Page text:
1
$\begingroup$

A well-known result from functional analysis is that all norms on a finite-dimensional space $X$ are equivalent. The source 1 proves it by showing that every norm on a finite-dimensional space is equivalent to the Euclidean norm $\vert\vert\cdot\vert\vert_{2}$. The gist goes as follows:

Let $\dim(X) = n$ and let $\{e_1, \dots, e_n\}$ be a basis of $X$. Then it follows from the triangle-inequality for $\vert\vert\cdot\vert\vert$ and the Cauchy-Schwartz inequality that $$\vert\vert x\vert\vert = \vert\vert \sum_{i= 1}^{n}\alpha_i e_i \vert\vert \leq \sum_{i = 1}^{n}\vert\alpha_i\vert \ \vert\vert e_i\vert\vert \leq \sqrt{ \sum_{i=1}^{n}\vert\alpha_i\vert^2} \sqrt{\sum_{i=1}^{n}\vert\vert e_i\vert\vert^2}.$$

I am afraid I do not understand the second inequality and how the Cauchy-Schwartz inequality comes into play here. According to Wikipedia, we can write the CS inequality as $$\vert\langle u, v\rangle\vert^2 \leq \vert\vert u\vert\vert^2 \cdot \vert\vert v\vert\vert^2.$$ I simply do not see how we can apply this to $\vert\alpha_i\vert \ \vert\vert e_i\vert\vert$.

1 Dirk Werner. Funktionalanalysis. Springer. $8$th edition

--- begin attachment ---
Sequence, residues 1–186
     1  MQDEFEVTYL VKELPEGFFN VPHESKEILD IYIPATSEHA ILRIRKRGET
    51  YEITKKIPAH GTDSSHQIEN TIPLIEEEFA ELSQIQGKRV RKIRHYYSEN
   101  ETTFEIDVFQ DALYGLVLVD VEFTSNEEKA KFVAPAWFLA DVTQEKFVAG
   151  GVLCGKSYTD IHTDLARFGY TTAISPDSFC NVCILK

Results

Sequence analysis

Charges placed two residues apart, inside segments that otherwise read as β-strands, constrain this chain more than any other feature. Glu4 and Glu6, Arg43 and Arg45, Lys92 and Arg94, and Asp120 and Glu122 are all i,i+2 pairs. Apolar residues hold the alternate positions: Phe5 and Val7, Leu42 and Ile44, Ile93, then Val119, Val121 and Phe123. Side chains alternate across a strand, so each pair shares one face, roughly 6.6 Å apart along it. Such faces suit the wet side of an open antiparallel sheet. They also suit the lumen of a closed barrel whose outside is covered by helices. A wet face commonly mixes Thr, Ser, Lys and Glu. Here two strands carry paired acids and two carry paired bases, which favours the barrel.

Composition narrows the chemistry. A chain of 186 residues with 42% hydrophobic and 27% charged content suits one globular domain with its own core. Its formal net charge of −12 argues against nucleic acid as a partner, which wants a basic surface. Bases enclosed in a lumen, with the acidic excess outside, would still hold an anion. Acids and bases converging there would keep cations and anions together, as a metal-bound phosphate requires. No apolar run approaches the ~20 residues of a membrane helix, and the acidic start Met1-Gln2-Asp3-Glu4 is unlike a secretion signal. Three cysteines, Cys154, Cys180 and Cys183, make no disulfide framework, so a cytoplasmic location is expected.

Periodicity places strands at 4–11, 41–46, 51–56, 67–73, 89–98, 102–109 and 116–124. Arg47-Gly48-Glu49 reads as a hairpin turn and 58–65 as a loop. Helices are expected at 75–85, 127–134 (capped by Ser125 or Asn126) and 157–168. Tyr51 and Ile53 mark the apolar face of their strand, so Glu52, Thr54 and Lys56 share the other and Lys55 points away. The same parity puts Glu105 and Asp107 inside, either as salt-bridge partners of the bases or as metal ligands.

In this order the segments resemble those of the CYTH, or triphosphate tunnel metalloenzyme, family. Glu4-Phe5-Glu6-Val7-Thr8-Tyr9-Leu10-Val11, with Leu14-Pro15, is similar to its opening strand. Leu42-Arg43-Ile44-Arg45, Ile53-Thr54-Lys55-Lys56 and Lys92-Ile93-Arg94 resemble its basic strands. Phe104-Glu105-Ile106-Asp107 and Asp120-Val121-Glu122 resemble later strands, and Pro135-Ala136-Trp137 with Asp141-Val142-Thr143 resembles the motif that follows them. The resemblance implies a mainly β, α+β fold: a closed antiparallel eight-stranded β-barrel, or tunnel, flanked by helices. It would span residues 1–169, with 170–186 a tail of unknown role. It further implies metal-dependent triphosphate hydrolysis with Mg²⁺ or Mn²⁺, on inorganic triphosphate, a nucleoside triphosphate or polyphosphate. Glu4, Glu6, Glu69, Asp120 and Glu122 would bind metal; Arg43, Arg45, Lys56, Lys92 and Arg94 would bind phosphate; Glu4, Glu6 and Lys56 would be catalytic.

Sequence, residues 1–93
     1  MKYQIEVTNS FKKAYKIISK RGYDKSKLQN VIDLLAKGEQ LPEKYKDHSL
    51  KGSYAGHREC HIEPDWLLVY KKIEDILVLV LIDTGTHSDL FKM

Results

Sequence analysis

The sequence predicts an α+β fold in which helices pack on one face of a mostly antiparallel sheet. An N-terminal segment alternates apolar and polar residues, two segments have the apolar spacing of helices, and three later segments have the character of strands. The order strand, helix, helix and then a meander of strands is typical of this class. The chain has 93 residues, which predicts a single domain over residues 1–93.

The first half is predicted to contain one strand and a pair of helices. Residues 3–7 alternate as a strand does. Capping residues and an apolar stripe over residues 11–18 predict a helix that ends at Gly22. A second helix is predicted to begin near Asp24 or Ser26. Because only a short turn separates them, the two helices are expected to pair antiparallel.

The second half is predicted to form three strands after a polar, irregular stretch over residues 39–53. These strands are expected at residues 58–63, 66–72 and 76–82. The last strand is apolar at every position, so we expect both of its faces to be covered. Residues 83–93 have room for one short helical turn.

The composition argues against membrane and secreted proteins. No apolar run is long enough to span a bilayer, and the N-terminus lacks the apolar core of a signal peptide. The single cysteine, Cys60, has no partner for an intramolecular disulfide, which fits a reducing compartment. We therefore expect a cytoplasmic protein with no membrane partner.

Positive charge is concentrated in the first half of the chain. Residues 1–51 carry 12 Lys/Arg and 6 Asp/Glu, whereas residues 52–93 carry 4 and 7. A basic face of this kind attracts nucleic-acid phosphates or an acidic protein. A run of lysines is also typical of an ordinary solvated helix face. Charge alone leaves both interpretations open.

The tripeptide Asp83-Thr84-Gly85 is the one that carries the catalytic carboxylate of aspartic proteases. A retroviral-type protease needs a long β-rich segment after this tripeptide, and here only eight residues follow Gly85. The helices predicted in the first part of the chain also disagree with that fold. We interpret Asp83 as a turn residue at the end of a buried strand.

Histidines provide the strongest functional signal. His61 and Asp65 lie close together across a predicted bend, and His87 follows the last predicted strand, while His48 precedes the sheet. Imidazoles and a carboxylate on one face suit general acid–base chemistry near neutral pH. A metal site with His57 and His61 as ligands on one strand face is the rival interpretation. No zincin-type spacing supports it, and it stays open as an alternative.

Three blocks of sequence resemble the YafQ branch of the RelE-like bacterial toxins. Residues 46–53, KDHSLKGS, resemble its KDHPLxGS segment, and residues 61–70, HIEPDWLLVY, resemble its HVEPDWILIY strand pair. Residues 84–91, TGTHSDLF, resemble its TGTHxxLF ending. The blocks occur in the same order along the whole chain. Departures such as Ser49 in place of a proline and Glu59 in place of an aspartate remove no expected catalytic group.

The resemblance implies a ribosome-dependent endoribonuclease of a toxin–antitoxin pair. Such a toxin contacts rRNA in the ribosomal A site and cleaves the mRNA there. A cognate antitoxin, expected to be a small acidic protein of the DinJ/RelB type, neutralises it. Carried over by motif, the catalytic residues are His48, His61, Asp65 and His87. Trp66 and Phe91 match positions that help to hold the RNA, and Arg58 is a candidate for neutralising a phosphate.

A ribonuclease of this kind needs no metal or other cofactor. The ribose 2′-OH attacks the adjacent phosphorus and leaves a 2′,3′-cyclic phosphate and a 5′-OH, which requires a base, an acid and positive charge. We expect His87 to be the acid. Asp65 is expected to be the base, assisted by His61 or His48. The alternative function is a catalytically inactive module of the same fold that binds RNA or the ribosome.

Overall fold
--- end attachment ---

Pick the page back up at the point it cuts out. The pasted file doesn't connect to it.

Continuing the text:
$\endgroup$
2
  • 1
    $\begingroup$ Here is the important point: the proof is applying the CS inequality to the numbers $|\alpha_i|$ and $||e_i||$, NOT to elements of X. $\endgroup$ Sep 7, 2021 at 20:32
  • 1
    $\begingroup$ Put $u_i= |a_i|$, $v_i = \|e_i\|$, then apply the CS inequality as you quote it and take square roots. $\endgroup$
    – Rob Arthan
    Sep 7, 2021 at 20:33

1 Answer 1

3
$\begingroup$

Consider two $n$-tuple $(|\alpha_1|,...,|\alpha_n|)$ and $n$-tuple $(\|e_1\|,...,\|e_n\|)$ as vectors in $\mathbb R^n$ and their (standard) inner product $$ \langle (|\alpha_1|,...,|\alpha_n|), (\|e_1\|,...,\|e_n\|) \rangle = \sum_{k=1}^n |\alpha_k| \|e_k \| $$

$\endgroup$
2
  • $\begingroup$ You wrote that $(|\alpha_1|,...,|\alpha_n|)$, $(\|e_1\|,...,\|e_n\|)\in\mathbb R^n$. But wouldn't this then mean that on the right side of the CS-inequality, it would have to read $\sum_{k=1}^n |\alpha_k| \|e_k \| \leq \sqrt{\sum_{i = 1}^{n}|\alpha_i|^2} \sqrt{\sum_{i = 1}^{n}\| e_i\|_{2}^{2}}$? However, in the textbook it reads $\sum_{k=1}^n |\alpha_k| \|e_k \| \leq \sqrt{\sum_{i = 1}^{n}|\alpha_i|^2} \sqrt{\sum_{i = 1}^{n}\| e_i\|^{2}}$, which somehow seems to me as if we were mixing up the Euclidean norm with the other norm $\|\|$ we are considering on $X$. $\endgroup$
    – Hermi
    Sep 7, 2021 at 21:34
  • 1
    $\begingroup$ I am not mixing any norms, take the $|\alpha_j|$ and $\| e_j\|$ merely as positive numbers and use the proven Cauchy-Schwarz inequality for Euclidean (in fact any) inner product on $\mathbb R^n$. It is just an inequality of numbers, that's it $\endgroup$
    – Physor
    Sep 8, 2021 at 17:06

Your Answer

By clicking “Post Your Answer”, you agree to our terms of service, privacy policy and cookie policy

Not the answer you're looking for? Browse other questions tagged or ask your own question.